From the Orlando Sentinel:
Three judges in separate cases across Florida could rule any day on whether to overturn Florida's ban on gay marriage.Equality Florida has planned celebrations throughout the state when/if a favorable ruling is handed down.
Each case deals with different set of couples who want to get married in different counties, but the basic question is the same: Does Florida's ban on same-sex marriage violate an individual's right under the U.S. Constitution to equal protection?
Florida gay-rights activists and their attorneys expect to win in all three courts.
"Literally any second now we could get rulings from the judges in one or more of those cases," said Mary Meeks, an Orlando attorney helping represent six gay couples in the Miami-Dade County case.
Beyond those three lawsuits, two other legal challenges also are pending, but those rulings are not imminent.
But John Stemberger, president of Florida Family Policy Council, the Orlando group that championed the amendment, predicted Tuesday that Circuit Judge Sarah Zabel in Miami-Dade would soon overturn it.
He was in her courtroom July 2 listening to lawyers argue the case. That included his lawyer, Mathew Staver of Liberty Counsel, who urged Zabel to uphold the ban.
"It was rather stunning," Stemberger said of that hearing. "I don't expect her to uphold the law."
Staver said a decision in favor of same-sex marriage would "be a culture-changing event that would not be good for marriage, certainly not for the state of Florida."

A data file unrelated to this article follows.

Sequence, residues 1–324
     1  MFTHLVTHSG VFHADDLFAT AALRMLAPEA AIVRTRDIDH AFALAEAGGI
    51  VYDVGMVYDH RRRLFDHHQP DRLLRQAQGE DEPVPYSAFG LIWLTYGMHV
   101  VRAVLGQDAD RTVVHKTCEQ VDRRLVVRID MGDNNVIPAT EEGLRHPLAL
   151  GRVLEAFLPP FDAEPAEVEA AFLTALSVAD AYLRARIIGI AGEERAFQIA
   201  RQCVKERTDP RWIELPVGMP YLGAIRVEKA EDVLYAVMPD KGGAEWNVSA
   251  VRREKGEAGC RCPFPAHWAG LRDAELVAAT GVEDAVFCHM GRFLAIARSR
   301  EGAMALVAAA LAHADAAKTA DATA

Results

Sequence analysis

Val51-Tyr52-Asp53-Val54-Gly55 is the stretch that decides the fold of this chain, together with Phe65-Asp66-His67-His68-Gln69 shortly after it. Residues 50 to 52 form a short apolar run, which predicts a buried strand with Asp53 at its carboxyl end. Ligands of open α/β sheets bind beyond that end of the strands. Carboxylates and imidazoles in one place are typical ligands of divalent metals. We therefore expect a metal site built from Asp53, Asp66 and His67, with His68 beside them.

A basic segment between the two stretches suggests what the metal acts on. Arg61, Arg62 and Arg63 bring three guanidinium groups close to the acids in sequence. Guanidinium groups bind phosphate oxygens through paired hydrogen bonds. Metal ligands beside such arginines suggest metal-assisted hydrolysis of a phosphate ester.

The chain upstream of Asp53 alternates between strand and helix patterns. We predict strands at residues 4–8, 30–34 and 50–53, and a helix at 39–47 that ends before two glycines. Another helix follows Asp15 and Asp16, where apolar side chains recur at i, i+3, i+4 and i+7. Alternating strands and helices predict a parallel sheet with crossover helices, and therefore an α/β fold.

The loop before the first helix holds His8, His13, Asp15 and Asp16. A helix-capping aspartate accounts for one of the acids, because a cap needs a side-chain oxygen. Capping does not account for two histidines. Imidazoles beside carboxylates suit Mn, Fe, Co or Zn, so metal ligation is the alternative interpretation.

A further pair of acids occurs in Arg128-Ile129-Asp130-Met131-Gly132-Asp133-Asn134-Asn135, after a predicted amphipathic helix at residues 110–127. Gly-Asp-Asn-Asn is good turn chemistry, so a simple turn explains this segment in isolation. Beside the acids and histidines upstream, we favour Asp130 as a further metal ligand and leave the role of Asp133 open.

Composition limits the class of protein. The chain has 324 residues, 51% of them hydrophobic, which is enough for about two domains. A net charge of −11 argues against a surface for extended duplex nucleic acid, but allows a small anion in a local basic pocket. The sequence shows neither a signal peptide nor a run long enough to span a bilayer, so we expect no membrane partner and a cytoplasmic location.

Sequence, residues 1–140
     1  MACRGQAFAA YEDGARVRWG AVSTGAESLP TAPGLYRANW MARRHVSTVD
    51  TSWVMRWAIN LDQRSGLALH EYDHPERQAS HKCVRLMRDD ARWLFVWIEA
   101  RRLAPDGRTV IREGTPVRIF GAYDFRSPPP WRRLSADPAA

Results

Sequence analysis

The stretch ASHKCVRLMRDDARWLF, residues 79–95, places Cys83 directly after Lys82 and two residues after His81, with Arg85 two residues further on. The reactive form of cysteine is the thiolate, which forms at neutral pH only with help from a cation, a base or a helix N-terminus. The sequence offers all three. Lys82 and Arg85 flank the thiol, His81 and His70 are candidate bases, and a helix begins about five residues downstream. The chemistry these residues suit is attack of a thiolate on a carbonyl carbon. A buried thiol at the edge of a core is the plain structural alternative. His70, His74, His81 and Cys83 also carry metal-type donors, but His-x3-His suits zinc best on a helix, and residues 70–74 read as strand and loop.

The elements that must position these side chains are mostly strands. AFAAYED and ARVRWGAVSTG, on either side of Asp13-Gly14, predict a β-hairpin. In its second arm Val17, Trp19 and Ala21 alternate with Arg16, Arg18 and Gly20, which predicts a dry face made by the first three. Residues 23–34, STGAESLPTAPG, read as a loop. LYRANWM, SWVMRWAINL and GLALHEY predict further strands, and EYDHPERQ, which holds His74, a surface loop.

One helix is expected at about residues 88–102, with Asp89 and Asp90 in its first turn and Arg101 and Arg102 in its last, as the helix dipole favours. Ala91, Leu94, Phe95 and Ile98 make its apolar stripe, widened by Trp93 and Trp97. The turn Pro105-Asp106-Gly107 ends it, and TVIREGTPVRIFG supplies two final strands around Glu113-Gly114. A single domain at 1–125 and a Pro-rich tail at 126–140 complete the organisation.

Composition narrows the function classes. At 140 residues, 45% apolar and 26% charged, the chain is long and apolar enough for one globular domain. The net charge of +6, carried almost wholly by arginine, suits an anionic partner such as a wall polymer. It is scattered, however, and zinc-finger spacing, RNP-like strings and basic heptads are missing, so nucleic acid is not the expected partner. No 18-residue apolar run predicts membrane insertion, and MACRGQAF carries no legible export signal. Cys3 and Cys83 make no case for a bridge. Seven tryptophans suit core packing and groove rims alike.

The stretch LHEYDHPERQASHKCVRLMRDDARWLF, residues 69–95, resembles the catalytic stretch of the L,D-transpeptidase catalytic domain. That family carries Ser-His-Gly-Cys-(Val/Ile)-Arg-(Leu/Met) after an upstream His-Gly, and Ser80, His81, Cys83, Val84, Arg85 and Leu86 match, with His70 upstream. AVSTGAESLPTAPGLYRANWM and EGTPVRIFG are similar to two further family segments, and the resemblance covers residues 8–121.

If it comes from one of the two South Florida state circuit judges — Zabel or Luis Garcia in Monroe County — it would be historic but would not have an immediate statewide impact, said Bernadette Restivo, an attorney in the Monroe County case.
That's because in each of those cases, gay couples are challenging the local clerks of court for their refusal to issue a marriage license. In Miami-Dade, that's Clerk Harvey Ruvin. In Monroe County, it's Amy Heavilin.
Rulings in those cases are not expected to prompt clerks in other counties to issue marriage licenses to same-sex couples.
Maryanne Morse, clerk in Seminole County, said her office would not.
"We will follow the law," she said. "It's not applicable statewide."
Eddie Fernandez, clerk in Orange County, said he'd wait to read the ruling but predicted his office would not be directly affected or change course.
A more sweeping ruling could come from U.S. Circuit Court Judge Robert Hinkle in Tallahassee. He's presiding over the most complicated case: a consolidated pair of lawsuits asking him allow a same-sex couple to get married and force Florida to recognize the marital rights of 10 same-sex couples and a widow who got married in other states or Canada.
Daniel Tilley, an attorney for the American Civil Liberties Union who represents eight of those couples, was optimistic Tuesday.
"We expect that could come any day now," he said.
Here is Tallahassee Mayor John Marks for the Freedom to Marry: